BY DYLAN FOREMAN ’18
Everybody hates LeBron. I hate LeBron. However, “hate” is a strong word, so I’ll go with despise. I despise LeBron James.
The lack of respect for his coach, David Blatt, the inability to trust his teammates, his consistent selfishness, and his overall skill all culminate to the conclusion that LeBron was not deserving of my applause or the MVP trophy. Stephen Curry, the true MVP for the Golden State Warriors, was deserving. He put up 24 points per game while shooting 44 percent from beyond the arc and 91 percent from the free throw line. Add an average of a little over seven assists per game and there lies an MVP. Let’s not forget about Curry’s slight frame with limited athletic ability. He proved that players don’t have to be the most athletic specimen to succeed in the NBA but rather skill outweighs the high-flyers like James in terms of performance.
I may despise James but there is no denying his freak athleticism. When James hits full speed down the court, no one can stop him from getting to the hoop. His explosive strength make him one of the hardest players to guard undoubtedly. He stands 6 feet 8 inches and weighs 280 pounds. Most defenders have to give him space which leaves him room for his jump shot. With that advantage he averaged 25 points per game and put up seven assists per game. Let’s compare the historical numbers though between James and Curry.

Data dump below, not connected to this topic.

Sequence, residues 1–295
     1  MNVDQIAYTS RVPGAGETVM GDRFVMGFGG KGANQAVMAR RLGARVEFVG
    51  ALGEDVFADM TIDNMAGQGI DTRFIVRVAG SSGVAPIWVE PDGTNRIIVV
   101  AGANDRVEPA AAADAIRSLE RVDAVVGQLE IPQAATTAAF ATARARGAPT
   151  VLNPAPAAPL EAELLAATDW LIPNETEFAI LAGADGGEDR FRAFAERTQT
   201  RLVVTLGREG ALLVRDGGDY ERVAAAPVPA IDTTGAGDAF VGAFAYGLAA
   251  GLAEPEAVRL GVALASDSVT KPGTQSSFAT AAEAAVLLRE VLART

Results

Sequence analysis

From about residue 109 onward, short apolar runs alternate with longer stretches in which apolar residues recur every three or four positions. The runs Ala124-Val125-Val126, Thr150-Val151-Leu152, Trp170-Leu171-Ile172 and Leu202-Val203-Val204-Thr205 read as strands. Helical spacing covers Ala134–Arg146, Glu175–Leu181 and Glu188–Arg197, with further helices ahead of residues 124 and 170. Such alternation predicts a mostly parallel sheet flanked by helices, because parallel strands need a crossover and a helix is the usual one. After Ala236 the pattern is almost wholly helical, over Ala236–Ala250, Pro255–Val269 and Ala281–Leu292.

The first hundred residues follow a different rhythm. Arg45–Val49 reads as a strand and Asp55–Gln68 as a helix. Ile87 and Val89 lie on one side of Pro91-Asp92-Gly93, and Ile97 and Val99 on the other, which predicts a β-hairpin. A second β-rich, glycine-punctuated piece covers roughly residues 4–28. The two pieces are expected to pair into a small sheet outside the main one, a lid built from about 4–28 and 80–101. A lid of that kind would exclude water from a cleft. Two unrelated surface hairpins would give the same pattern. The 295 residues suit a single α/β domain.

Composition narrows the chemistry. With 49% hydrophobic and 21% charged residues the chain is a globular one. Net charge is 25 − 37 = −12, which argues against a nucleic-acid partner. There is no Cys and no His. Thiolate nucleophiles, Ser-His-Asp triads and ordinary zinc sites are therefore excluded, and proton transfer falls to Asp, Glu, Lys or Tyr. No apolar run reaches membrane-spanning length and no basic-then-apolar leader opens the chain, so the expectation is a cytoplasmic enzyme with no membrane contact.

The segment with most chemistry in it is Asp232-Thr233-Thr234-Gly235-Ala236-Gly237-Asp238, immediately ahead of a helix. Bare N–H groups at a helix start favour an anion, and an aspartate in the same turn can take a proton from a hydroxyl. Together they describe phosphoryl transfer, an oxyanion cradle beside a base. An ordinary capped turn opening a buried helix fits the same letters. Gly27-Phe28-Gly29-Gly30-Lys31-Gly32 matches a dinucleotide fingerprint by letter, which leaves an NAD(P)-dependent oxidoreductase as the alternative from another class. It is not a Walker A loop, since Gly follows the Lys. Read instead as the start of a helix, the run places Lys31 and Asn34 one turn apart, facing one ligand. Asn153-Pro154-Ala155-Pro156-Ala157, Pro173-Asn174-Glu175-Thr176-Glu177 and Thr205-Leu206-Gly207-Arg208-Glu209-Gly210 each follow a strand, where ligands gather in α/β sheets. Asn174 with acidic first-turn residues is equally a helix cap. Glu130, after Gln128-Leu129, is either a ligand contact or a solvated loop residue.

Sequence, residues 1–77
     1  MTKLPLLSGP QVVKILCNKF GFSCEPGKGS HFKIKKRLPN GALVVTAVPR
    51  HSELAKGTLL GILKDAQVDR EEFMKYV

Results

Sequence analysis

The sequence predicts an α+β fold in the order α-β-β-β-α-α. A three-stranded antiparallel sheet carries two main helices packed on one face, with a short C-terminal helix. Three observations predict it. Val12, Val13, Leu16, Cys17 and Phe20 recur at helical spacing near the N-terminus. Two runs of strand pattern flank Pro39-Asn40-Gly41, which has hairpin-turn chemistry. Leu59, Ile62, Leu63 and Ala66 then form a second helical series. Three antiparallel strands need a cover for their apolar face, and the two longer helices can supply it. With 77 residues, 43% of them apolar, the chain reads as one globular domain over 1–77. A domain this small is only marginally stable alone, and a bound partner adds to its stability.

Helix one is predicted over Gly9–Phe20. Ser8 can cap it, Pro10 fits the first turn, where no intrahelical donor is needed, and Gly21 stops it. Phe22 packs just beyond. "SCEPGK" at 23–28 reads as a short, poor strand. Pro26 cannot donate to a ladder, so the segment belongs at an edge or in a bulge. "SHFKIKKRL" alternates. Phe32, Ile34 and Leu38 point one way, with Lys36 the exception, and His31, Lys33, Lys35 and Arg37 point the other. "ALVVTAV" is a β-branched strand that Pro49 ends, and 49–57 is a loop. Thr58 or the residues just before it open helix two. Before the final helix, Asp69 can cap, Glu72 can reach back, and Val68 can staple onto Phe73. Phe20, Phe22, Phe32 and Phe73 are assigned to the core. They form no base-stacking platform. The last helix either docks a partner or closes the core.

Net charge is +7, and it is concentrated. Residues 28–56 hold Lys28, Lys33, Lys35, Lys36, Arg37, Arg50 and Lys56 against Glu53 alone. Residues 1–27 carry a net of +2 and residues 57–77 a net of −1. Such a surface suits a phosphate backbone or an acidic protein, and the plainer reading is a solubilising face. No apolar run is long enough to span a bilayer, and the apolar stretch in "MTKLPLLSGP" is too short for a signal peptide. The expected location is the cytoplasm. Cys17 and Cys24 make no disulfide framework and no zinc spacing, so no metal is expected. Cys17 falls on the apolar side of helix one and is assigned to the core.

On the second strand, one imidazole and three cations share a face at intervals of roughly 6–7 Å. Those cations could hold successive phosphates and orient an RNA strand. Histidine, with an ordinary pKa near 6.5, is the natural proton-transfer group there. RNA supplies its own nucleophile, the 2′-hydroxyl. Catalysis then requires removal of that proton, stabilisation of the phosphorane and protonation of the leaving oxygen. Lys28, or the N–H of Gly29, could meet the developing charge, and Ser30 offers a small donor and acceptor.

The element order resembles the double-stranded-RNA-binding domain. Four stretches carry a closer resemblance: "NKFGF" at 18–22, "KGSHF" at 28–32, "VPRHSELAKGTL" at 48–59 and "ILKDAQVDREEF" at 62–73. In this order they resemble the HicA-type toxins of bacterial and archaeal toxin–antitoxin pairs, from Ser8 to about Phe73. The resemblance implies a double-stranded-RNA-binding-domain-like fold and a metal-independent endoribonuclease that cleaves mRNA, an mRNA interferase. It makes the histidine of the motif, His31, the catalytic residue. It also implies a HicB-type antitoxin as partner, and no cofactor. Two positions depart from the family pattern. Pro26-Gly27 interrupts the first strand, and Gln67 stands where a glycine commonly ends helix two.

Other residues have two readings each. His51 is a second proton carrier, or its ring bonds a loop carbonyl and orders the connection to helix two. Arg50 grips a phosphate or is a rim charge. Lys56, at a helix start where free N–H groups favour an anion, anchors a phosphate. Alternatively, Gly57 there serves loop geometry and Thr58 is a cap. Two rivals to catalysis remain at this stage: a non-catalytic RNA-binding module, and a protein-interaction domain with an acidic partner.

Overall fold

In his six seasons in the league Curry has arguably had his most impressive year. He is among the league leaders in three-point percentage, field goal percentage, and free throw percentage. James on the other hand, according to his numbers are some of the lowest of his 12 years in the league. He shoots about 13 percent less in the three-point category and 20 percent less in the free throw column than Curry.
Comparing James to Curry athletically, there is no contest; James has Curry beat in every aspect but Curry still put up better numbers and with less help from his teammates. I despise James for being hailed as some type of god; he is most certainly not. Numbers don’t lie and neither do Curry’s and James’ skill set. To go along with concrete averages and percentages, James needs to become a better basketball player if he ever wants to deserve the MVP again. He may have earned it when he was younger, but today is different. New talent and superstars flood the NBA and are surpassing James each year.